(Greenwich Merchant Bank): Business activity in Europe’s largest economy (Germany) pushed higher, amidst uncertainties linked to the ravaging pandemic. Thereby, the IHS Manufacturing Purchasing Managers’ Index (PMI) climbed to a three-year high of 58.6pts in December, up 0.8pts from its previous mark.
The surge, which came mainly on the back of stronger demand from China, fuelled a steep rise in export sales, however, this was accompanied by an increasing strain in supply chains and raw material shortages, aiding a rapid increase in manufacturing input costs and the biggest rise in consumer prices since March 2019.
Meanwhile, the recovery of new businesses in the services sector did little to cross the 50-point threshold, and as such remained in the contractionary territory at 47.70pts, from November’s 46.00pts. The headline figure, consequently, settled at 52.50pts.
In a similar trend, France Composite PMI rose to 49.6pts in December from 40.6pts in November, which had marked a six-month low. Growth in PMI was driven by a notable expansion in the manufacturing sector, coupled with a moderate decline in output among firms in the Services sector. As a result, the Manufacturing and Services PMIs stood at 51.10pts and 49.20pts in December, from 49.6pts and 38.80pts, respectively.
That said, new orders rose for the first time in four months, backed by the increase in domestic demand, even as foreign orders continued their free fall, albeit at a softer pace. Raw material shortages also cornered the input cost inflation to a four-month high, similar to the German economy situation.
Following the improved readings for Germany and France, Eurozone’s private sector IHS Markit’s Manufacturing PMI recorded a better-than-expected performance. It printed at 55.5pts in December – a 31-month high from its previously recorded 53.8pts.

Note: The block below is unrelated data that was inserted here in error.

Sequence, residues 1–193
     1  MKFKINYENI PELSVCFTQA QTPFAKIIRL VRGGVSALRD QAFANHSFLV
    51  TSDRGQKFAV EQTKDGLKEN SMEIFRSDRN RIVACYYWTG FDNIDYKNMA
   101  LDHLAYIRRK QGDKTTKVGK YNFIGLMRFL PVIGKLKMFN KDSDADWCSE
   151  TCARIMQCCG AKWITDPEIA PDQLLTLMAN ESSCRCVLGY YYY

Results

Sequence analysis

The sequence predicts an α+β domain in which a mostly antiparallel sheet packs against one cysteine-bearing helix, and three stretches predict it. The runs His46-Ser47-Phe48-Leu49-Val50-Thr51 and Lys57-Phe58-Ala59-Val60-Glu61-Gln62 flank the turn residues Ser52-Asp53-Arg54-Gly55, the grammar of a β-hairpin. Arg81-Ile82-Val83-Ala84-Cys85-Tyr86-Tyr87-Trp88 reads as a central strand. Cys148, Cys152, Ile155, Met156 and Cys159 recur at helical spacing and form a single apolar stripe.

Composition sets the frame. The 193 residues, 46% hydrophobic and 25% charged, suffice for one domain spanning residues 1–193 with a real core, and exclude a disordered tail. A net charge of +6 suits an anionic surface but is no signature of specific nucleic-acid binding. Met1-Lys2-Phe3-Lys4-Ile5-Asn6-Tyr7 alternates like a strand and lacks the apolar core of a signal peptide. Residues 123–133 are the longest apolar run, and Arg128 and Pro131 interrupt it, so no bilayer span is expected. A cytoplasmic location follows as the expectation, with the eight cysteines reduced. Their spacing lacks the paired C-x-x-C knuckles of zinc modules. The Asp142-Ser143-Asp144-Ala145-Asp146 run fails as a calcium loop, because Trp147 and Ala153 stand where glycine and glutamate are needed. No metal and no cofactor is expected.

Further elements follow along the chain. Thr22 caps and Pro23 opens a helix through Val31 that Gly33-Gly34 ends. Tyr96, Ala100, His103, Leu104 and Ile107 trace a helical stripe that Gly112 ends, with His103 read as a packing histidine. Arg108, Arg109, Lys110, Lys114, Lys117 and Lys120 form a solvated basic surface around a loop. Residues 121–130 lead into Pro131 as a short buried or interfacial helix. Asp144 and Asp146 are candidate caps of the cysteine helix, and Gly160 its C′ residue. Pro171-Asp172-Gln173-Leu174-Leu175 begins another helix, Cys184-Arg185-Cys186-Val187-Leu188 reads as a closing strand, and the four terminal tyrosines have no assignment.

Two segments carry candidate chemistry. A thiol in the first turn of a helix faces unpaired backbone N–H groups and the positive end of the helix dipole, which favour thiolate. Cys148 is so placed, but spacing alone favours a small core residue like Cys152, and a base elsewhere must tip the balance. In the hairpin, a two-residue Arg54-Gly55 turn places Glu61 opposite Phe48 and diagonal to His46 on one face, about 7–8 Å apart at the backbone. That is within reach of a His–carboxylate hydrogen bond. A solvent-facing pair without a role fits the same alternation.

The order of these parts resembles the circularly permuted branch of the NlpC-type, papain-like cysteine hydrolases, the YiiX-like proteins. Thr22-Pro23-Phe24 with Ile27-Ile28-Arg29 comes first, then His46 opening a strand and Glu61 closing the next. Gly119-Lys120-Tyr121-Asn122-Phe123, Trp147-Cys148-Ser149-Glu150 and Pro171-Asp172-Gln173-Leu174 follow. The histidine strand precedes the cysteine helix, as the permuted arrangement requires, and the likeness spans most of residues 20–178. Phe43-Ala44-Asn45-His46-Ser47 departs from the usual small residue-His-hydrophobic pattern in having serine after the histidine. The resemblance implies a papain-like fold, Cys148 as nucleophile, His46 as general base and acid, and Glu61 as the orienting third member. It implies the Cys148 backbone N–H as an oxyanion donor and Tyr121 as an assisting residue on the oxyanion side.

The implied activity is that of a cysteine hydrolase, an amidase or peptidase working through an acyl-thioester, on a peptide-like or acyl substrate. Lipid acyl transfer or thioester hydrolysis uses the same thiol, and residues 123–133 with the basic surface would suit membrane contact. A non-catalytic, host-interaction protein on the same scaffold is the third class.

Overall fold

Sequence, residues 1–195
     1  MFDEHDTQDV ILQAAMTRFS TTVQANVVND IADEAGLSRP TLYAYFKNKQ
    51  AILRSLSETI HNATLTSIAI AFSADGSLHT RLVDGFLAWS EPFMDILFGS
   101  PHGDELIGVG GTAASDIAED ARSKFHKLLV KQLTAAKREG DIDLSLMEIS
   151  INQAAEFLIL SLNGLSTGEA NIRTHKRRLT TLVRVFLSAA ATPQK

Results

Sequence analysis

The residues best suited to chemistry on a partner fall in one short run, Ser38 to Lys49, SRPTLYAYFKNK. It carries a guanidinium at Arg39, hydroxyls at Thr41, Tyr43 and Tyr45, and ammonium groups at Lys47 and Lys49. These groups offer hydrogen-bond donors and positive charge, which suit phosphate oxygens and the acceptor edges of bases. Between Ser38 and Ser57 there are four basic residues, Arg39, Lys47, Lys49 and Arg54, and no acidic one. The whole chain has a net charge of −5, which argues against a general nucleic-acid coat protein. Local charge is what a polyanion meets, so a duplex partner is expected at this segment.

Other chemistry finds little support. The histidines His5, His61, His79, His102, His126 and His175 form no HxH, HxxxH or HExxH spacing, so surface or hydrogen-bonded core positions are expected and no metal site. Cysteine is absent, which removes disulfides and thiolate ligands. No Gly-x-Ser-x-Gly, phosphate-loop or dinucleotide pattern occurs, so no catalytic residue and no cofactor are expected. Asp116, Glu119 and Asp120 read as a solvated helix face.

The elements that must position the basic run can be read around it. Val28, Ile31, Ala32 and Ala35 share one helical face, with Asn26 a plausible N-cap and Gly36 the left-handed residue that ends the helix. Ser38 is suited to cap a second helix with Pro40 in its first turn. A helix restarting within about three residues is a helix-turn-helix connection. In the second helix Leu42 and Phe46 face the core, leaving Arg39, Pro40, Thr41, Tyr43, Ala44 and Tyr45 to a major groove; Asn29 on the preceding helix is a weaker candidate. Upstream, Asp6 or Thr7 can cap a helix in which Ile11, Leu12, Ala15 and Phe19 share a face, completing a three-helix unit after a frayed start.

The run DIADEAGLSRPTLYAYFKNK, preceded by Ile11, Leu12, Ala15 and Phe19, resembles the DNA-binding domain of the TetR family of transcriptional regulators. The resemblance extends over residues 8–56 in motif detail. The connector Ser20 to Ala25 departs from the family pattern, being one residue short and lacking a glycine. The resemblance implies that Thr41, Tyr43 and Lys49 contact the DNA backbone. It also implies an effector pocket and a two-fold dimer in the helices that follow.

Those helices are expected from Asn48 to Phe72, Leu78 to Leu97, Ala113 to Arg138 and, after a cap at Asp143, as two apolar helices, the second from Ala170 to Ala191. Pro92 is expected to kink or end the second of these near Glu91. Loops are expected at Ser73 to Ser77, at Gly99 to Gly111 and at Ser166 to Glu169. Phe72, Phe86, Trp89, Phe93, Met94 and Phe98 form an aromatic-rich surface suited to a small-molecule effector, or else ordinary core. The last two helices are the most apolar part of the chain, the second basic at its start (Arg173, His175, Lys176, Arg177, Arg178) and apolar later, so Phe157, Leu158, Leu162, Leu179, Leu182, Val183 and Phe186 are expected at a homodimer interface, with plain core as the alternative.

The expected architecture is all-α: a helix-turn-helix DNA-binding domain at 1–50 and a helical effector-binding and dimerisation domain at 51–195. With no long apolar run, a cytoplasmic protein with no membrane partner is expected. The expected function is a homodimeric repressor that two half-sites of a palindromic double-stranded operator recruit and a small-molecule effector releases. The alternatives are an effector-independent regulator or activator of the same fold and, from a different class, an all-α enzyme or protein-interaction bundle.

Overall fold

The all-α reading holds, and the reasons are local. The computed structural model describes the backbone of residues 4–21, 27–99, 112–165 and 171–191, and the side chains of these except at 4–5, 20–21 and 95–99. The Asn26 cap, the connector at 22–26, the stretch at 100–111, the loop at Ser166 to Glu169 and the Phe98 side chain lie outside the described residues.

The Services PMI although within the contractionary mark, swung from 41.7pts to a 3-month high of 47.3pts. Consequently, the IHS Markit Flash Composite PMI for Eurozone surpassed analysts’ modest expectations, as it soared to 49.8pts from 45.3pts in November.
Generally, the performance of the private sector Manufacturing and Services on all three fronts was quite impressive, amid the outbreak of the second wave of the COVID-19 pandemic. However, underlying data revealed diverging trends in Europe’s two largest economies.
Germany returned to tougher containment measures (which might temper the progress made so far), and softer lockdown restrictions seen in France.
Narrowing it down, the expansive postings in Services, particularly in the Eurozone, beat analysts’ polls and indicate that the Services sector could return to expansion in early 2021 if this upbeat trend is sustained. Particularly, as the COVID-19 vaccines are being rolled out in bits and attempts are being made at developing other effective vaccines, business prospects appear to be improved.
It is anticipated that a better-than-expected uptick may be experienced in both the Manufacturing and Services sectors as restriction measures are minimised by early next year. Hence, the hope that economic growth would continue to be spurred in Eurozone, should lower the drop in its GDP.
Notwithstanding our projections for the Eurozone, the caveat is with Germany in view of the more stringent COVID-19 lockdown measures currently being imposed, as virus infections near 1.5 million cases.
Accordingly, it is posited that the Services sector may be the drape covering Germany’s short-term economic outlook, given the government’s recent announcement of another round of COVID-19 lockdown protocol, which took effect from the 16th of January 2020 and will last till the 10th of January 2021.